I had a very special tenth birthday. Except for a new dress and a generic cake for the family, Mama didn’t make too much of birthdays. However, a decade seemed important to her, and the dress she designed and made came from carefully chosen store-bought fabric rather than the normal feed sacks the dairy farmers in Daddy’s congregation saved for her. The main part of the bodice and skirt was a forest green and pink plaid. The pink yoke that had a tab on the left side coming down matched a pink border on the bottom with a tab coming up. Three pink pearly buttons anchored both tabs. She even went all out on the cake making my favorite white butter creme icing and decorating it with turquoise, my favorite color at the time.

Adding to this best childhood birthday, Aunt Ruth gave me Heidi for a birthday present. Reading in the McGee household was as common as eating and breathing, but owning books all by yourself – not so much. Books came from the school library or the bookmobile and were often loaned back and forth among friends. Any we actually owned would list on the cover page “The McGee Girls” or “Virginia Ann, Beth, and Gwen” and eventually “Ruth.” This book was mine, mine, mine! My sisters had to get my permission if they wanted to read Heidi.

Florence’s talk gave me a hankering to revisit Heidi, Clara, the grandfather, and Peter (also a hankering for melted cheese, but that is another issue). My special book, of course, is long gone, but Amazon had a first-rate translation for an excellent price (free), and I downloaded it for a special treat on the plane as we traveled out west. I found much the same. Heidi still wins the hearts of all those around her, Peter lets his jealousy get the best of him, Clara learns to walk, and grandfather is reconciled to the community around him. The only difference is that when I was ten, the Alps existed only in my imagination. Now I have been there and could place Heidi in a real place that I can see.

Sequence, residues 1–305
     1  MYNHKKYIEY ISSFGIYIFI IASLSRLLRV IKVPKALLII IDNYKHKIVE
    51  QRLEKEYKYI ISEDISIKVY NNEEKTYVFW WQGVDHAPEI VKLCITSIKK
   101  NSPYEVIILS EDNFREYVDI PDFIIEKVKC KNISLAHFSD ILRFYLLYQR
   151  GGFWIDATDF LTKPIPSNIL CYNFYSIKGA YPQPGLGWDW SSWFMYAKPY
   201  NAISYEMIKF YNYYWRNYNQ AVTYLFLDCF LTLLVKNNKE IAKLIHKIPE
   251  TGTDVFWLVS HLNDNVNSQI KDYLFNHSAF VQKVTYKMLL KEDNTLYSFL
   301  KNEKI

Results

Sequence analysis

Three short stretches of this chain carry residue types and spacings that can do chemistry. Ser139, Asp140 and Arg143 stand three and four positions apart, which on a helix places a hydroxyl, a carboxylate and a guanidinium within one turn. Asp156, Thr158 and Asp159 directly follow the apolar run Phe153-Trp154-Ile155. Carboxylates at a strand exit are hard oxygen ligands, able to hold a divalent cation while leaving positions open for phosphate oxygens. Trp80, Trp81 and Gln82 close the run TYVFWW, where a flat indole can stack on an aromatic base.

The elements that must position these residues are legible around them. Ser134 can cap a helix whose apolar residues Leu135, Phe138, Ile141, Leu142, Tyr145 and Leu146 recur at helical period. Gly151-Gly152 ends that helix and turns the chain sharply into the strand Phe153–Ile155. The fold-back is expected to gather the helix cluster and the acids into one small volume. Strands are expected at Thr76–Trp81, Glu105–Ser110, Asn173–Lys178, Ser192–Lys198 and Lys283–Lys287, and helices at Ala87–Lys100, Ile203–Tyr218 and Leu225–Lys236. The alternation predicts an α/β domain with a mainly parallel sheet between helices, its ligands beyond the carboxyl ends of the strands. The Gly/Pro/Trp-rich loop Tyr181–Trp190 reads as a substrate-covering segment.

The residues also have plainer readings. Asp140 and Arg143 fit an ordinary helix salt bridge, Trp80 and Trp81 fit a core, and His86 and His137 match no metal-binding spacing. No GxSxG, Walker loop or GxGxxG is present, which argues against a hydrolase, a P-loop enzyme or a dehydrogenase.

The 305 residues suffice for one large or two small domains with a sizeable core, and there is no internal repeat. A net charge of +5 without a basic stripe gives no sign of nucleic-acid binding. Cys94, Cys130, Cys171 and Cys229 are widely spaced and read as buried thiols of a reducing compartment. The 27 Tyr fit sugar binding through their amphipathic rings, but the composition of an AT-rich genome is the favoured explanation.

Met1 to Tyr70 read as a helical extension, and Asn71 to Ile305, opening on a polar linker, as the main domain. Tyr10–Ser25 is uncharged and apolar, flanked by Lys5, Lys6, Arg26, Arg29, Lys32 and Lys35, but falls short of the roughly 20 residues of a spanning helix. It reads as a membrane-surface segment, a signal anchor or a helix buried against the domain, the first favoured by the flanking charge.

Thanks, Florence, for sending me back to an old favorite. 

Zenobia the First

Following up on Friday’s blog – my great aunt was not the original Zenobia, just the first I ever knew. Originally from Greek, Zenobia means “life of Zeus.” Septimia Zenobia was a third century queen of the Palmyrene Empire. Who knows where Aunt Nobie’s North Mississippi parents got her name!

As I reached my teenage years, Zenobia seemed to fit her more than the mundane family name of “Nobie.” Papaw’s elegant sister came down to visit from Memphis where she had a real job. His other sisters – housewives who raided hen’s nests, milked cows, and canned vegetables – paled in comparison. As you can see, the elegance of her working days in the first picture lingered to her 95th birthday in the second.